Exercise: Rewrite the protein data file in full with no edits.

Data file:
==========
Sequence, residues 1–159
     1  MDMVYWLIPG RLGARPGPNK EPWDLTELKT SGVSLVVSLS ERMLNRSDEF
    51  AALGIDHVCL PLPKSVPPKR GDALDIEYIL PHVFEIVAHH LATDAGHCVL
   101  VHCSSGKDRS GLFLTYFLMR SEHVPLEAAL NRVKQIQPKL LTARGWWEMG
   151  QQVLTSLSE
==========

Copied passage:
Sequence, residues 1–159
     1  MDMVYWLIPG RLGARPGPNK EPWDLTELKT SGVSLVVSLS ERMLNRSDEF
    51  AALGIDHVCL PLPKSVPPKR GDALDIEYIL PHVFEIVAHH LATDAGHCVL
   101  VHCSSGKDRS GLFLTYFLMR SEHVPLEAAL NRVKQIQPKL LTARGWWEMG
   151  QQVLTSLSE